Back to the internet, where they discovered co-packers. The first one they contacted, in Lancaster County, wasn't exactly encouraging, asking, "Do you know there's a lot of people doing this?" His tune changed after tasting their recipe, declaring it "one of the best sauces that ever came through here," as Bill tells it.
Then came the deal-breaker: The twins said their sauce must not contain citric acid, a common food preservative and flavor additive.
"If it has citric acid, it can't taste homemade," John said. "We were super-adamant about this."
The co-packer insisted that any tomato sauce made there had to include citric acid, its tartness needed to temper the tomatoes' sweetness. The brothers walked. If their sauce wasn't going to taste the way they wanted it, "it's not even worth doing," Bill said.
In 2011, they found a co-packer from Chester County willing to abide by their recipe.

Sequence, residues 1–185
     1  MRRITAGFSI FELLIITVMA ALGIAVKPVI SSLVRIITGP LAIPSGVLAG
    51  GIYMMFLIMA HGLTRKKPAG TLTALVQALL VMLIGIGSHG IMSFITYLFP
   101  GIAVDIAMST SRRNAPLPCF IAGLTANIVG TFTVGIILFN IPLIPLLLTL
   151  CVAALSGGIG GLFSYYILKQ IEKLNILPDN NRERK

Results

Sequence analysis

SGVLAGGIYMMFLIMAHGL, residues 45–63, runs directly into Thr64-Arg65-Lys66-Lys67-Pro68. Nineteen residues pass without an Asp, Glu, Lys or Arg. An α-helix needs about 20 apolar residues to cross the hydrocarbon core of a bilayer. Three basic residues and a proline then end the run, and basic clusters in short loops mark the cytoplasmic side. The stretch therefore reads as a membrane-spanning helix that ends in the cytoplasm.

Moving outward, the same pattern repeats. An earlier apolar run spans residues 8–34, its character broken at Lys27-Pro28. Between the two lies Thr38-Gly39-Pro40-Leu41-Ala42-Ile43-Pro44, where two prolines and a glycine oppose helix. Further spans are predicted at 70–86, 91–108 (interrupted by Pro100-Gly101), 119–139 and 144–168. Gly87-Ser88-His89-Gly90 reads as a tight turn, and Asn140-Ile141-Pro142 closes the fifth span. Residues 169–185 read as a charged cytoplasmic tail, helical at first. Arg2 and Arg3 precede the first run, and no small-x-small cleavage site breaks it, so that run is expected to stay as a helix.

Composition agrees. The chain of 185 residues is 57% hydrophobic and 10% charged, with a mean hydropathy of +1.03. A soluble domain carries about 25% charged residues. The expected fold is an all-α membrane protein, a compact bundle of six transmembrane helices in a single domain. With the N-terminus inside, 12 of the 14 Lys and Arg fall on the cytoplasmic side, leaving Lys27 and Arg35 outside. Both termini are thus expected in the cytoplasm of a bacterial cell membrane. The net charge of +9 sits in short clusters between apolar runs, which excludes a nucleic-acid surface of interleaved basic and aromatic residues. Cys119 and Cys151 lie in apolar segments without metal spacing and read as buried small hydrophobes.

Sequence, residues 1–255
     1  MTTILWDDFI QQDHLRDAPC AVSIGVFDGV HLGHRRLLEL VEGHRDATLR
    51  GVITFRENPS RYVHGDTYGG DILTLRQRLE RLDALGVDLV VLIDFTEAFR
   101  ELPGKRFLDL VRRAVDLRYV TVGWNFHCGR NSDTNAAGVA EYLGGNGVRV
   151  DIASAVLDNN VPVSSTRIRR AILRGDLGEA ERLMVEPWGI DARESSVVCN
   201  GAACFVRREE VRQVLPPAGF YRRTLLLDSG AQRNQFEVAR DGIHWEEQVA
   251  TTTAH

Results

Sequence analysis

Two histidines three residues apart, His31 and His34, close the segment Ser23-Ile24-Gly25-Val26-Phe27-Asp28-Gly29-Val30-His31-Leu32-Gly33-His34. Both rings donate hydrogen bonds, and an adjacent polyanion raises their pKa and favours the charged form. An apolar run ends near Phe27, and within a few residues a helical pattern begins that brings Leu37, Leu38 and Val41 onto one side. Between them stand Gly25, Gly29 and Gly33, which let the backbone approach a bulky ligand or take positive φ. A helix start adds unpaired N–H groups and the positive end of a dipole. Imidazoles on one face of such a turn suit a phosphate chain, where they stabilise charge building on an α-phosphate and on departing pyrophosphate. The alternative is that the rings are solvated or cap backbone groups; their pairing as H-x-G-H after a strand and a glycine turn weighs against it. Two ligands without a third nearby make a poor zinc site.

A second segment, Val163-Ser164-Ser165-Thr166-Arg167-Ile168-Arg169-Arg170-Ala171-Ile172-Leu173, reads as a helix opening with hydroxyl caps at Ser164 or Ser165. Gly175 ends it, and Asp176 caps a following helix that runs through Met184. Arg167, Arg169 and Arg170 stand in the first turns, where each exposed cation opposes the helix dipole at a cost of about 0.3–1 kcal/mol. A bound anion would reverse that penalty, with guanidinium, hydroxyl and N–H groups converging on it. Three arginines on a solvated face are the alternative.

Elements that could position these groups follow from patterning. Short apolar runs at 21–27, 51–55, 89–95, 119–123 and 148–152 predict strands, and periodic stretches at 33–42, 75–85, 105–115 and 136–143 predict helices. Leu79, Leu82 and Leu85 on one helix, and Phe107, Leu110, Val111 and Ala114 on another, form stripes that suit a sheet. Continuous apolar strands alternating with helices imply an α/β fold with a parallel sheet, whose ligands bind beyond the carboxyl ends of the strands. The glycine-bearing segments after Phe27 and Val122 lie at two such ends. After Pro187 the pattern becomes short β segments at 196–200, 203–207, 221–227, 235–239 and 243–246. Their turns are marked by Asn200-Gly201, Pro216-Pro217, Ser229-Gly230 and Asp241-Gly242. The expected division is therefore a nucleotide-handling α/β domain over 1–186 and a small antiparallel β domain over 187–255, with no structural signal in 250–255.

"It was divine intervention," Bill said. On March 21, 2012, Vesper Bros.' sauce was ready for sale: 150 cases, each containing 12 jars and no citric acid.
After the daily lunch rush at their delis, the brothers would load cases of sauce into their cars and make cold calls throughout the region. Among the early vendors willing to take product, they said, were Linvilla Orchards and the Swarthmore Co-op.
Then, one morning in the summer of 2012, came a meeting with a woman who tried a few spoonfuls of sauce right out of the jar, declaring it "divine." Charlene Nolan is a vegan chef and health educator from Drexel Hill who at the time was a marketing leader at Whole Foods in Devon.
"I had never tasted a jarred sauce that was so good," Nolan recalled.
She invited the Vespers to set up a stand in the farmers' market her Whole Foods hosted in its parking lot. Within two months, their sauce was for sale inside the store.
"That was the ultimate dream," Bill said.
The brothers have closed their delis to devote full-time attention to growing their packaged-foods business, which also carries olive oil, balsamic vinegar, and jarred mushrooms and peppers. They are the only employees, for now, with a plan to extend Vesper Bros.' reach.